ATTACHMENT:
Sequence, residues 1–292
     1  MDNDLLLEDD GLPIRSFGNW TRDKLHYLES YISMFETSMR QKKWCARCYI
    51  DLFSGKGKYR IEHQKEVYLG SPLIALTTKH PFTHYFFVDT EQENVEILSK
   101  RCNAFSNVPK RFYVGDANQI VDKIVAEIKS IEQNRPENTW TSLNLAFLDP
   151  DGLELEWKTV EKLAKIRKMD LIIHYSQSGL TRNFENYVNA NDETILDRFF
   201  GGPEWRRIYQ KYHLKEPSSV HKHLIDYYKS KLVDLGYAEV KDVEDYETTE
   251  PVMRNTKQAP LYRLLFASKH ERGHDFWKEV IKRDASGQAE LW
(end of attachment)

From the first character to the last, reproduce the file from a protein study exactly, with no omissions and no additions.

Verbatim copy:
Sequence, residues 1–292
     1  MDNDLLLEDD GLPIRSFGNW TRDKLHYLES YISMFETSMR QKKWCARCYI
    51  DLFSGKGKYR IEHQKEVYLG SPLIALTTKH PFTHYFFVDT EQENVEILSK
   101  RCNAFSNVPK RFYVGDANQI VDKIVAEIKS IEQNRPENTW TSLNLAFLDP
   151  DGLELEWKTV EKLAKIRKMD LIIHYSQSGL TRNFENYVNA NDETILDRFF
   201  GGPEWRRIYQ KYHLKEPSSV HKHLIDYYKS KLVDLGYAEV KDVEDYETTE
   251  PVMRNTKQAP LYRLLFASKH ERGHDFWKEV IKRDASGQAE LW